• Material Substitution – Is it possible to swap one material in the process for another? Instead of sanding wood yourself, for example, is it possible to buy pre-sanded wood? 
    • Automation – Automation is how productivity thrives in business. Is it possible to install automated processes and keep workers clear from dust generation? 
  • Engineering Controls – Engineering controls refer to the practice of keeping dust out of a worker’s breathing zone. Some of these controls refer to: 
    • Local Exhaust Ventilation (LEV) – LEV systems are designed specifically for dust collection. They even have the capability to directly connect to dust-generating equipment. There will be a required period of LEV testing in this case.
    • Enclosures and Barriers – Physical barriers such as walls, booths and curtains. Combined with LEVs, this is a highly effective method of removing dust from the area.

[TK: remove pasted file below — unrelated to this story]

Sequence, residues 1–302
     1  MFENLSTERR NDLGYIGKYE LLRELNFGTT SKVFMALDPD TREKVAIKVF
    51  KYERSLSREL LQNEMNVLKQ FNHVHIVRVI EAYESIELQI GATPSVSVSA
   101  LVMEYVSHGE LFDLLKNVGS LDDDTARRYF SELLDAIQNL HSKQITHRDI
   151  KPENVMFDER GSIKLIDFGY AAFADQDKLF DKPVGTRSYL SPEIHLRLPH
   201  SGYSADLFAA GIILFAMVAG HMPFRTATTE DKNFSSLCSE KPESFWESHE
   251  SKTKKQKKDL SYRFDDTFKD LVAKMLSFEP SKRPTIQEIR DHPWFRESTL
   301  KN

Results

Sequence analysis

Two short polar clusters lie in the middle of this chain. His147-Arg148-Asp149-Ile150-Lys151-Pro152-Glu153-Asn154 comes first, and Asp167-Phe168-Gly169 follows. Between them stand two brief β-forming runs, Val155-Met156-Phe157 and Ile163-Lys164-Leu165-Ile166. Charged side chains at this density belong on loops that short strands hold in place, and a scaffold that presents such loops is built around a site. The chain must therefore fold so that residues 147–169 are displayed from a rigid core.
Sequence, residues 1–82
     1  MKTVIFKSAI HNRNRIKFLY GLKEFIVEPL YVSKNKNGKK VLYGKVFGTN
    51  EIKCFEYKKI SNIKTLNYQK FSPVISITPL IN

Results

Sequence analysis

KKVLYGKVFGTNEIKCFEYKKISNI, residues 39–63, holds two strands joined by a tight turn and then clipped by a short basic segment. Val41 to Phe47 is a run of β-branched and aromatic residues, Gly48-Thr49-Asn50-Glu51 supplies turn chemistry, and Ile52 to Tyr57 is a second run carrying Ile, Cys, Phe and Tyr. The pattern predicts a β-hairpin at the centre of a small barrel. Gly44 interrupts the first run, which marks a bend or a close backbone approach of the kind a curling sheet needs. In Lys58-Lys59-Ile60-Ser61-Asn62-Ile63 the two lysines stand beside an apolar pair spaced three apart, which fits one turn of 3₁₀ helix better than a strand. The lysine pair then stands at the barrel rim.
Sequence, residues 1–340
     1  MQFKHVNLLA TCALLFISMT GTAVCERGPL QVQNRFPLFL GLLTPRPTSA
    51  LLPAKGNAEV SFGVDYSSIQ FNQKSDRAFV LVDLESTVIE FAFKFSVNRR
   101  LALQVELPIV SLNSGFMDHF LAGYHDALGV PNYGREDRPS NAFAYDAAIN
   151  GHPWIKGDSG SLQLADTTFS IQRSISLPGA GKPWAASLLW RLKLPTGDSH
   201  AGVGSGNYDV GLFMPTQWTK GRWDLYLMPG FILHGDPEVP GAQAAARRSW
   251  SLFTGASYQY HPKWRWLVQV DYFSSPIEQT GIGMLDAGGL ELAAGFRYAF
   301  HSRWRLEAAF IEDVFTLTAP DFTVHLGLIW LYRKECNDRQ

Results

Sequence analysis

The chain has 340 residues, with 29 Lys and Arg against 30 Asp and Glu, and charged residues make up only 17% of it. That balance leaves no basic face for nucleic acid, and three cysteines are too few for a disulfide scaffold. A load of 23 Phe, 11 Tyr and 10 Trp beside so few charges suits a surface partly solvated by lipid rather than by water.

• Dust Extraction Units – Dust extraction units connect to machines and directly extract, preventing the dust from escaping the source and going airborne, such as collection hoods, ducts and filters. 
    • Water Suppression Systems – Moisture weighs down dust and makes it unable to go airborne. As a result, where it’s possible, using spray systems will ensure the dust stays grounded. 
  • Administrative Controls – Finding out how work practices and procedures can be changed, such as through job rotation and access restriction, can be done to minimise dust exposure. Part of this could also be LEV testing.
  • Personal Protective Equipment (PPE) – Respirators can be employed as a last line of defence, but we’d recommend against relying on it as a main deterrent. These could be anything from respirators to protective clothing and eye guards. 

Can I Get A Dust Risk Assessment With Indigo Surveys?

Whilst we don’t offer dust risk assessments at Indigo Surveys currently, we are frequently asked about them. Through collaborating with industry specialists we’ve put together the above guide to show you how a dust risk assessment ought to be carried out. 

understanding ecology surveys

THis is demo post for author